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help for carers

Caring for and about someone with mental illness can be very demanding on you in many ways - emotionally, physically and perhaps financially

Learning how to support someone with a mental illness will help not only the person who is ill, but also you, other family members and friends.

Who is a carer?

A carer is someone of any age who looks after or supports a family member, partner, friend or neighbour in need of help because they are ill, frail or have a disability.

A carer is anyone who has had to change his or her lifestyle in order to care for and/or take responsibility for another who is experiencing mental health problems.

A carer does not necessarily live with the person who is ill. A carer is not paid for providing care and support, although there may be financial assistance available. Our Mental Health and Money Advice service might be able to help you with any financial worries impacting your mental health.

As a family member, friend or relative, you may be described as an ‘informal Carer’.

A carer may also be a cared for person.

Carers’ rights and legislation

One of the difficulties for the Carers, friends and relatives of someone who is affected by mental illness is knowing what legislation is relevant to them and the person they care for.

A range of terms is used to describe a person who cares for another, including ‘unpaid Carer’, ‘Carer’, ‘family Carer’ and ‘informal Carer’. The Carers (Scotland) Act 2016 defines ‘Carer’ as: “an individual who provides or intends to provide care for another individual (the “cared-for person”).”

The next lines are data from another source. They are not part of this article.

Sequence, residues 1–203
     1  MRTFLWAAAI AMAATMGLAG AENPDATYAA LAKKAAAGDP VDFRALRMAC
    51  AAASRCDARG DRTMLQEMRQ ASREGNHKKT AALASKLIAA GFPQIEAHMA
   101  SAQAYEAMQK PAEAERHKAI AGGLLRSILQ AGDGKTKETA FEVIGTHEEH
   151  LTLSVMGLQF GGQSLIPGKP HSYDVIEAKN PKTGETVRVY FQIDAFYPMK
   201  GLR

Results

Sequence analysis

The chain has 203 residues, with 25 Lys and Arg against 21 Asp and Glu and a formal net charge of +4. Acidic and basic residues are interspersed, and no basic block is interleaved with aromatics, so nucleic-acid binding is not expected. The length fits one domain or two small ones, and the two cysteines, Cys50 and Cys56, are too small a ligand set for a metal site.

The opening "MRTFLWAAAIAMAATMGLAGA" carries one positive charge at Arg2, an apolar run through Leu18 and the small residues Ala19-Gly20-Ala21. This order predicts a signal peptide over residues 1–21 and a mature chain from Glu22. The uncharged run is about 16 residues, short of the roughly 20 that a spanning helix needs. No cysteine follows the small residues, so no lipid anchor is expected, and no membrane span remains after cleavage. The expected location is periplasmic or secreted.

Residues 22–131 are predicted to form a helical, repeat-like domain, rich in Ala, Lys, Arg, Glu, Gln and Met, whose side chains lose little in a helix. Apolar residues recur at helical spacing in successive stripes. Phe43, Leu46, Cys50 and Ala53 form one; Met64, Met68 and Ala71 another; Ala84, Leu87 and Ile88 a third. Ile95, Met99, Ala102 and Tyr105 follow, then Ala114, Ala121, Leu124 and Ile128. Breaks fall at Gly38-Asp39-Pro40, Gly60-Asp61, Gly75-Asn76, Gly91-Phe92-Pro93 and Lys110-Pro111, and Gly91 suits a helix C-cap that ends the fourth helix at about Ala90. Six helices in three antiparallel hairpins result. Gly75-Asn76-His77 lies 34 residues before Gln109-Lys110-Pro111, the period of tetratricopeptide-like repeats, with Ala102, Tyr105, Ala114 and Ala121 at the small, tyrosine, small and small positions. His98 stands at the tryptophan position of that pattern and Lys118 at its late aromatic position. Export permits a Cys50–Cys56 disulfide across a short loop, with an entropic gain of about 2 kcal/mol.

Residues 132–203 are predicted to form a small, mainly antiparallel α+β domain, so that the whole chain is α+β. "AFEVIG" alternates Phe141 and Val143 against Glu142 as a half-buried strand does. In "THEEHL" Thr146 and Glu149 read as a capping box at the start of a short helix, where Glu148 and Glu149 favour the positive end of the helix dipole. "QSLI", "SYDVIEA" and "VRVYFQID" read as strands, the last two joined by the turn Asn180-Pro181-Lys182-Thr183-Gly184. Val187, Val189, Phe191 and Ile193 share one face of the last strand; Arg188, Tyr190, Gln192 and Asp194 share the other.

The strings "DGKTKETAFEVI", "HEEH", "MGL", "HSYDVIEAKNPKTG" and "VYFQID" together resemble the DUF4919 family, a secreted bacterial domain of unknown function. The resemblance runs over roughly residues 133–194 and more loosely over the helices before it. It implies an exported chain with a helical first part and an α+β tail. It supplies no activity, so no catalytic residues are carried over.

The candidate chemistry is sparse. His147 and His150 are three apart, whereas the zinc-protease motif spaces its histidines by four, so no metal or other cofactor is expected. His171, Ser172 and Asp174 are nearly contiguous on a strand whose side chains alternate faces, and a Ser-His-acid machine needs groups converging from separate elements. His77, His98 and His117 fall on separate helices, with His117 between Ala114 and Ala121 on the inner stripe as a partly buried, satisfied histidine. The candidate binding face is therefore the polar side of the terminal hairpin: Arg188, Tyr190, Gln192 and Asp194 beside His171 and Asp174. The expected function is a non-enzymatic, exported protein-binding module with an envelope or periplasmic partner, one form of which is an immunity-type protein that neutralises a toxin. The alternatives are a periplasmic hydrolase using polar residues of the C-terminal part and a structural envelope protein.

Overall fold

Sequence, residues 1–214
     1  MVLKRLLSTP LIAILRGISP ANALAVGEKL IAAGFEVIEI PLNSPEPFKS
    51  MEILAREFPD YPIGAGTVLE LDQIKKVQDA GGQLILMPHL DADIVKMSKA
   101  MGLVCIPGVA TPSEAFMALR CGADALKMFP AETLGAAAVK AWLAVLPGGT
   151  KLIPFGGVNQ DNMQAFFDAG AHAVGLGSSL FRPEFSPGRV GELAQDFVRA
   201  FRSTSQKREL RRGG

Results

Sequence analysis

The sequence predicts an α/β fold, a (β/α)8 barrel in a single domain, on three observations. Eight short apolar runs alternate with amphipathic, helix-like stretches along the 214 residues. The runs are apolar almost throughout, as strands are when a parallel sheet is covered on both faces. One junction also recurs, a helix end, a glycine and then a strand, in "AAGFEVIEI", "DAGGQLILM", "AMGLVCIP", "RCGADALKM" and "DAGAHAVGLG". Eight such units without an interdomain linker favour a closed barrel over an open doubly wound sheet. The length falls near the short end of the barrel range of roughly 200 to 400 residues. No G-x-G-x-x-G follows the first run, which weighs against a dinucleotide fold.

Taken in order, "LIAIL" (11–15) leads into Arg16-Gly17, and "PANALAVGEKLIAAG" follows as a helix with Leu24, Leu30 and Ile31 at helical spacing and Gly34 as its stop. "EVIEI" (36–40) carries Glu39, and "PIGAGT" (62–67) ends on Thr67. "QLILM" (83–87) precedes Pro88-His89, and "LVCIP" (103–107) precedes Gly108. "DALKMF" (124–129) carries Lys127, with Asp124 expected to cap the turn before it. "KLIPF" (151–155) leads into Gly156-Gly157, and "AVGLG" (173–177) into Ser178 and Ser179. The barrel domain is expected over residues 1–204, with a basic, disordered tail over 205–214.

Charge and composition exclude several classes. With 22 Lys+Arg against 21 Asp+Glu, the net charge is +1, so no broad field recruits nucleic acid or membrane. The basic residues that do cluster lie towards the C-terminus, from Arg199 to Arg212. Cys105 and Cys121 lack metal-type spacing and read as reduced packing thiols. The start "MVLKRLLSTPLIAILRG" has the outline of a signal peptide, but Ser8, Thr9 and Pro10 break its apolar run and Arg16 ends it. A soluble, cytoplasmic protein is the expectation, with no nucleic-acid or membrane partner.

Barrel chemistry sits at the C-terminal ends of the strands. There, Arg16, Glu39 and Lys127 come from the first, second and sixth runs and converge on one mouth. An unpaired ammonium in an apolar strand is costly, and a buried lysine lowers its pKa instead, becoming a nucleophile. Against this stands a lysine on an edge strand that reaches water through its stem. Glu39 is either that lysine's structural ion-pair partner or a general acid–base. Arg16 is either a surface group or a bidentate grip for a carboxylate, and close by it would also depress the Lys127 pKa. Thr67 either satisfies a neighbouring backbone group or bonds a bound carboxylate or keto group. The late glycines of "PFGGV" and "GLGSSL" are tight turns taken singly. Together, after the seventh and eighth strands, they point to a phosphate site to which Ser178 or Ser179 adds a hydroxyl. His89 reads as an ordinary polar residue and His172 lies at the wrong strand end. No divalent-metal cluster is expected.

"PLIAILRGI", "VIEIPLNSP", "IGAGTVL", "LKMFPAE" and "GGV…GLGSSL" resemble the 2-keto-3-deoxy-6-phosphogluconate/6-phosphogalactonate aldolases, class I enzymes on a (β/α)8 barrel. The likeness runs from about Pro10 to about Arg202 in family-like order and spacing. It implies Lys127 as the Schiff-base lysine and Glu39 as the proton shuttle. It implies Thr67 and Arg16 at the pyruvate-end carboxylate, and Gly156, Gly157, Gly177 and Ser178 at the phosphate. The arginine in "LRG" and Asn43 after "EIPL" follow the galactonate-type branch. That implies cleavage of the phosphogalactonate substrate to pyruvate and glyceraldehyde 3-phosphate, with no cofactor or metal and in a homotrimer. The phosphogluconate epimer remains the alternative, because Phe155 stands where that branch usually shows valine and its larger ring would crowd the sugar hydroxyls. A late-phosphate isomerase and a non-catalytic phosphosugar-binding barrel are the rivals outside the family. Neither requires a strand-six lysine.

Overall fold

The Carers Scotland (2016) Act was passed by the Scottish Government in February 2016 and unlike the previous definition of carers, the Act does not define carers by the number of hours that they care for someone. The Act makes it easier for unpaid Carers who meet eligibility criteria to be identified for requiring support in their caring duties so that they can continue to care in good health.

Under the new Carers Act, all Carers are entitled to access a support plan if they think it would be beneficial. Our Carer Support services can help you through this process and to consider what matters to you, what is important to you and what might help. Some services, like short breaks, may require an Adult Carer Support Plan or Young Carer Statements from their local authority. The Act also ensures that young Carers are not disadvantaged and still have a childhood like their peers.

For more detailed information on Caring and accessing support including financial assistance, visit the Carers Scotland guide: ‘Looking after someone’.

Looking after your mental health

Caring often involves putting our own needs aside. However, it is important that we look after ourselves and our own mental health so that we may continue to care for others. This might be making sure we get enough sleep or eat properly, talking to someone in confidence about our experiences or it may be something long term like financial support or a new hobby.

Our services

Change Mental Health provides direct buildings-based and outreach services in many parts of Scotland and a central helpline to signpost you to relevant support that most fits your needs. We run the Carer Support service in Edinburgh, Highland, Dumfries and Galloway, Tayside and Fife.

These services vary from location to location and may include vocational support, outreach support, Carer support, youth outreach support, computer training, life skills courses, confidential one-to-one support, group support, information and advice.

To find the right support for you, contact our Information and Support Line.

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